New York is about to witness a historic experiment in the nature of Jewish engagement in American society: the planned opening in August 2009 of the city’s first Hebrew-themed public school. The school, to be known as the Hebrew Language Academy, will be organized as a charter school, publicly funded but operated by a private not-for-profit association. It must be open to all applicants regardless of religion or background, and its curriculum is to be strictly secular, with no preaching of religion.
At the same time, the school will devote several hours a day to Hebrew language study, much like other New York charter schools specializing in Greek, Arabic, French and some dozens of other languages. Like them, it promises to incorporate the broader cultural context of the language into its curriculum. That means integrating Jewish history into social-studies classes and weaving Hebrew language and Jewish culture into art, gym and other programs. New York State’s top education authority, the Board of Regents, approved the school’s application for charter school status January 14.
The launch poses a dilemma for American Jews, because it pits two cardinal community interests against each other: protecting the secular, integrated public square in which Jews have thrived, versus ensuring the survival of a cohesive, vital Jewish community.
Public education has been a passionate cause for generations of American Jews. It’s been a pathway for immigrants into American society and a crucible of national identity for more than a century. Jews have benefited especially.
These days, however, leaders in every Jewish denomination worry less about Jews winning access to American society than they do about Jews disappearing into American society.
The most popular remedy is all-day Jewish education. Day schooling gives students a knowledge base that allows them later on to participate in Jewish life as informed adults, the same way they will participate in American life. Hebrew proficiency opens up the treasure house of Jewish literature and lore. And while most families will never send their children to Jewish day schools — recent studies in San Diego and New York suggest that a majority would reject the option even if it were free — the nurturing of a knowledgeable elite would immeasurably elevate Jewish communal discourse.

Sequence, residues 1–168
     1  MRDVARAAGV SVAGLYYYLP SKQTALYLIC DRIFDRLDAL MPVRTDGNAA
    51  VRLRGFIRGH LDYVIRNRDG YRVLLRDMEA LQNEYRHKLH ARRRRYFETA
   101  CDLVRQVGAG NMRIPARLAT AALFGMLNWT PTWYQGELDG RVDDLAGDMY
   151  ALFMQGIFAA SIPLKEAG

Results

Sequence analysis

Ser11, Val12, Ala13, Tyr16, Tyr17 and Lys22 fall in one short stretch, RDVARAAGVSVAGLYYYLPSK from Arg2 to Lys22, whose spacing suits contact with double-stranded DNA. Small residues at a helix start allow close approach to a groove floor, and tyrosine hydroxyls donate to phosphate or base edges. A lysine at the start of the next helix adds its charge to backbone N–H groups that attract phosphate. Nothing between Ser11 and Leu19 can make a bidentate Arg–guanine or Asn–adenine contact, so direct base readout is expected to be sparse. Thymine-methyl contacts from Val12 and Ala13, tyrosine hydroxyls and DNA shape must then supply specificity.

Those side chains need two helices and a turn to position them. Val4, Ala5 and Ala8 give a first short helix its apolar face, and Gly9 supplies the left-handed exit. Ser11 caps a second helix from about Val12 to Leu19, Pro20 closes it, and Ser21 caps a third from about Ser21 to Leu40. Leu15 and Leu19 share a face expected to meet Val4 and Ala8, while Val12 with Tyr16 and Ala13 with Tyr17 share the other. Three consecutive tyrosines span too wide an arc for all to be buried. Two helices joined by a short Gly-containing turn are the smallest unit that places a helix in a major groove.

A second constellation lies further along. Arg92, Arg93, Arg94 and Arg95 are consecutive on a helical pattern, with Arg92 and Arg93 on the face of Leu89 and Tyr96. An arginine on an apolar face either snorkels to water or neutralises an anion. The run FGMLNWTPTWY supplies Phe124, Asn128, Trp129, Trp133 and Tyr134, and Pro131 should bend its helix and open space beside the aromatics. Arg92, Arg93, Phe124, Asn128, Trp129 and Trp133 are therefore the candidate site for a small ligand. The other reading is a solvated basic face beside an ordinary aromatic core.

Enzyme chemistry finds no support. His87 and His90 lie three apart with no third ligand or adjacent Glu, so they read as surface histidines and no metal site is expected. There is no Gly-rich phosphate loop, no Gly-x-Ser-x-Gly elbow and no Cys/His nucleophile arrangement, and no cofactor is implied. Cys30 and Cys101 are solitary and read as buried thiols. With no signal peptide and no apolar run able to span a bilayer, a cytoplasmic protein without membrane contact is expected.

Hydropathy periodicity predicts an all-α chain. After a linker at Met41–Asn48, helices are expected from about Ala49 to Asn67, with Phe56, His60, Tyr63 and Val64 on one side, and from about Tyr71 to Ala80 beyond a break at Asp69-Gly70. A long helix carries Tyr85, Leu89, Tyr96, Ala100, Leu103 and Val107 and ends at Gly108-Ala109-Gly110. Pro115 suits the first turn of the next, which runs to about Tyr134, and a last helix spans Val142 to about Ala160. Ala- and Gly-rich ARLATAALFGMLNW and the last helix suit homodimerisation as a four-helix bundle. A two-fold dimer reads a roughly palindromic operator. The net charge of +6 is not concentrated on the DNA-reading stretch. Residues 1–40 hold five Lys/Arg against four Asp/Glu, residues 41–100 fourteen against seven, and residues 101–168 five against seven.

Day schools, of course, are prohibitively expensive for many families. As currently priced, they appeal mainly to the most devout and dedicated — largely but not exclusively within the Orthodox community — or to the wealthy. More funding ought to be provided from within the Jewish community, which surely has the resources but hasn’t demonstrated the will.
Enter the Hebrew charter school. By keeping public money within the public school system — and promising a secular Jewish curriculum that does not violate church-state separation — it just might offer a way to square the circle. If the New York academy proves successful and leads to the creation of similar schools elsewhere, as some planners reportedly intend, the model might provide broader access to those families that want a deeper Jewish education but can’t afford it. It might even diversify the world of knowledgeable Jewish community leadership, currently a domain of the wealthy.
The academy’s organizers insist it will be strictly secular. That needn’t be any harder here than it is in Israel. Moreover, they say, it will have a diverse population, drawn from black and Hispanic students as well as Russian and Israeli immigrants in its Brooklyn district. That’s a plus, too. Opening Jewish knowledge to a broader public would enrich America and strengthen the Jewish community.
Our instincts tell us to reject separate schools for their damage to diversity. The fight for an open society has served us well.
But these are extraordinary times. America has become a nation of tribes, self-segregating in separate neighborhoods by income, political views and lifestyle as well as by race or religion. The Internet is turning casual encounters at the bookstore and post office into a thing of the past. We don’t even hear the same news. These changes are bigger than ideology, and they won’t disappear any time soon.
In this new world, chasing after an elusive civic republican utopia may be a fool’s errand. Whatever damage we fear the Hebrew charter school might inflict on the American mosaic — or what’s left of it — could be outweighed by its promise to the Jewish future.